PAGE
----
DEFINITION of Average Cost Flow Assumption

Average cost flow assumption is a calculation companies use to assign costs to inventory goods, cost of goods sold and ending inventory. The method utilized to assign costs to inventory and cost of goods sold can affect a company's profitability. Companies use one or more methods to make certain assumptions regarding which goods have been sold and which remain in inventory. Under the average cost flow assumption, an average is taken of all of the goods sold from inventory, over the accounting period and that average cost is assigned to the goods.

Average cost flow assumption is also called "weighted average cost flow assumption."

BREAKING DOWN Average Cost Flow Assumption

The average cost flow assumption takes an average of the cost of items sold and leads to a mid-range cost of goods sold figure. The average cost flow assumption assumes that all goods of a certain type are interchangeable and only differ in purchase price. The purchase price differentials are attributed to external factors including inflation, supply, or demand. Under average cost flow assumption, all of the costs are added together, then divided by the total number of units that were purchased. The number of units sold can be multiplied by the average price per unit to establish the cost of goods sold and the ending inventory.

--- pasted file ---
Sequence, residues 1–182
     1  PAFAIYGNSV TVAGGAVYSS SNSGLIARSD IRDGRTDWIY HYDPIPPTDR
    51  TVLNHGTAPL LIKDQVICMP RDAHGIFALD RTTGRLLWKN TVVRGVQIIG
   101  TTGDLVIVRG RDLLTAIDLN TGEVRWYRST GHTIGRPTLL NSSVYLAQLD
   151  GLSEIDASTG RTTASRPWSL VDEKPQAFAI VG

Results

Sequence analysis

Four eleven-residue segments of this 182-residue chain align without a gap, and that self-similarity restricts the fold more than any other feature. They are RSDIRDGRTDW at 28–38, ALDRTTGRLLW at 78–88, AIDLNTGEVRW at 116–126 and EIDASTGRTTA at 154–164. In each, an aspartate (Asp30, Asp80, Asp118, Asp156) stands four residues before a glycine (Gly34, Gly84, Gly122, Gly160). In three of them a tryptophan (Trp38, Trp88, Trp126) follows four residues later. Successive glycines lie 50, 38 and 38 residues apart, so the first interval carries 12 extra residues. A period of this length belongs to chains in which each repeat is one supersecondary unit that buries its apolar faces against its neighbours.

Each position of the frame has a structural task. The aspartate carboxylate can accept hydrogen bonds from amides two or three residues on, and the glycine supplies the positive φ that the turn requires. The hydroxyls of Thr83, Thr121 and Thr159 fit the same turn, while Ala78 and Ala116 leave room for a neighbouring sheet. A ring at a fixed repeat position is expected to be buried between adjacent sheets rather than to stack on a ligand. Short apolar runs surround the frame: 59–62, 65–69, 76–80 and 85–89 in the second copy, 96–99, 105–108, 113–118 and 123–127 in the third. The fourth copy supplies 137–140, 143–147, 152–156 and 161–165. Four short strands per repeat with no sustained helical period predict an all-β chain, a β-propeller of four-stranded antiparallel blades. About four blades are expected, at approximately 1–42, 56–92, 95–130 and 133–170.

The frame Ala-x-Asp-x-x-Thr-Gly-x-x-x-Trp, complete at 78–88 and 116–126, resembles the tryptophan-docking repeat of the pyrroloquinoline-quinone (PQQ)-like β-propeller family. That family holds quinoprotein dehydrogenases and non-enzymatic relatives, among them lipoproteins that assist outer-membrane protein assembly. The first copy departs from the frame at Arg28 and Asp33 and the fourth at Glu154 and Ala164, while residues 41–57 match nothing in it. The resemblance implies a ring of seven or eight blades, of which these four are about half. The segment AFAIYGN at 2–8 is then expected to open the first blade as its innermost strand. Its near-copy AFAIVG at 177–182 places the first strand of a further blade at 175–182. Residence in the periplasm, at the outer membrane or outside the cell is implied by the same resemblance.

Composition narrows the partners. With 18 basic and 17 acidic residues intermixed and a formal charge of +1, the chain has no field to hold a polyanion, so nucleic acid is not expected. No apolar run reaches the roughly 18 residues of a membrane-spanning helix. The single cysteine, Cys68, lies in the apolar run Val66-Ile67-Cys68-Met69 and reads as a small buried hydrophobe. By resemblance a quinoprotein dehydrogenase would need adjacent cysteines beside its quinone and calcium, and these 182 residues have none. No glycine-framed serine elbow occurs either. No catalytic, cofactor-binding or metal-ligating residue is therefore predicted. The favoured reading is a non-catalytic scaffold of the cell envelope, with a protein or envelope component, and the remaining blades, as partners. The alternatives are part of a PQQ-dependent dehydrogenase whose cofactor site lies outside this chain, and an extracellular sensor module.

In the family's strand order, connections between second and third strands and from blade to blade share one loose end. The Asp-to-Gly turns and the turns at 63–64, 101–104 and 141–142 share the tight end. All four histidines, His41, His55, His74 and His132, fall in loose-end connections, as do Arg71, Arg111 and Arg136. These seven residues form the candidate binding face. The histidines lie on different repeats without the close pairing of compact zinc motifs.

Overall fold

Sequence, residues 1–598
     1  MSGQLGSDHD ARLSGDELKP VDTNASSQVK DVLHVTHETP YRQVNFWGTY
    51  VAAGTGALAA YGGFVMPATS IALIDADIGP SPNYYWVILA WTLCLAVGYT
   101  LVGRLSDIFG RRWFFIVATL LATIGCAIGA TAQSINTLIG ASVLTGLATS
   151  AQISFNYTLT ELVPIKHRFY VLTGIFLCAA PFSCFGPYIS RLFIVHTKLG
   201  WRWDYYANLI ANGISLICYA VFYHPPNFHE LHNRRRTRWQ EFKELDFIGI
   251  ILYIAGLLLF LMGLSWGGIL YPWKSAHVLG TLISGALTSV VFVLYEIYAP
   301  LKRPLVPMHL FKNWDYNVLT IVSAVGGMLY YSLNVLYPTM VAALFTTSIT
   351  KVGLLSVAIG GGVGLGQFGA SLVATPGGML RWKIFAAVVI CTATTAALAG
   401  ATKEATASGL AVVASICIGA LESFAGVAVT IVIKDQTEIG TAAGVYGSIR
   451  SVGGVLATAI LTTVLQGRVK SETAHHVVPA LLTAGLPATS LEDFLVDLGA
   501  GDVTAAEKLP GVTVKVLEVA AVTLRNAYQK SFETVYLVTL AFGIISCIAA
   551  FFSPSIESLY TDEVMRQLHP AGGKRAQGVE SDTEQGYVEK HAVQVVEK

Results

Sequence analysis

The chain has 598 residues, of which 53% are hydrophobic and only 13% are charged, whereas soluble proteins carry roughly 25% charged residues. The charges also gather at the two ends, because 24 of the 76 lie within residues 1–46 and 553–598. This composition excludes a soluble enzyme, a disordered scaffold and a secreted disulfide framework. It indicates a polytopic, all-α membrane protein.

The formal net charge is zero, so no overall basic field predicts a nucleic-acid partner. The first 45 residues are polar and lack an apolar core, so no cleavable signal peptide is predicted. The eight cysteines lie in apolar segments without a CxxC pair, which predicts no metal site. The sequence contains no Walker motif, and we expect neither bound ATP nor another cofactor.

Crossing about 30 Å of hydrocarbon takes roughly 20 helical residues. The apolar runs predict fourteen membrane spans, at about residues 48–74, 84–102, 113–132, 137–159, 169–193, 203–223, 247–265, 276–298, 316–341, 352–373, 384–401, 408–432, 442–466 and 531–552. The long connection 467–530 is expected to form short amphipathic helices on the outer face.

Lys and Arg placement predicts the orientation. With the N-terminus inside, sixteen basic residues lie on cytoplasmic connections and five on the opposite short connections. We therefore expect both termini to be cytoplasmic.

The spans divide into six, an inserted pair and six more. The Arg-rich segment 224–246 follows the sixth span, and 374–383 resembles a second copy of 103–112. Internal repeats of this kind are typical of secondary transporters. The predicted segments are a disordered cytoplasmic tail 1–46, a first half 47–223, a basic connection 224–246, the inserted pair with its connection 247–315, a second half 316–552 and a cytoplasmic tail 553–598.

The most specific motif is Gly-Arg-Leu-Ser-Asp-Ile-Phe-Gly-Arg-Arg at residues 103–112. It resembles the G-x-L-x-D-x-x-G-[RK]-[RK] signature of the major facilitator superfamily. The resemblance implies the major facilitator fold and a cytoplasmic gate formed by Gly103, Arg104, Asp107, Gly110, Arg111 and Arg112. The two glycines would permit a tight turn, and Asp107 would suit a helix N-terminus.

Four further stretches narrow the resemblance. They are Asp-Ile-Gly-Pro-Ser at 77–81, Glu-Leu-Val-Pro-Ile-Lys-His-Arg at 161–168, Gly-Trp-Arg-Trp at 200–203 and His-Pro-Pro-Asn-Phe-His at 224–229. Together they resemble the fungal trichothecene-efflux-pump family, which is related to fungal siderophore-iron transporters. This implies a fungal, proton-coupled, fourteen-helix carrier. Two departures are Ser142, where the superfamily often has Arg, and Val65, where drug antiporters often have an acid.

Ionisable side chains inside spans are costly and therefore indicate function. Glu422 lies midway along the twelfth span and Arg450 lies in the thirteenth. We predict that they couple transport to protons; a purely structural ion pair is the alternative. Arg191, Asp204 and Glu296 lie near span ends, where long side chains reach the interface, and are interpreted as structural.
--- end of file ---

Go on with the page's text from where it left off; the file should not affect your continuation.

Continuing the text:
Example of Average Cost Flow Assumption Method

For example, let's assume that Wexel's Widgets Inc. utilizes the average cost flow assumption when assigning costs to inventory items. During the accounting period, Wexel sells 25 widgets from bucket A, each of which cost $25 to produce; 27 widgets from bucket B, each of which cost $27 to produce; and 30 widgets from bucket C, each of which cost $30 to produce. The widgets are all interchangeable, only differing in the cost of production, due to an increase in the cost of the plastic explosive used in the manufacturing process. To compute the total cost of goods sold (COGS), Wexel utilizes the average cost flow assumption method. He computes the cost of each widget as follows: [(25x$25) + (27x$27) + (30x$30)] / (25+27+30).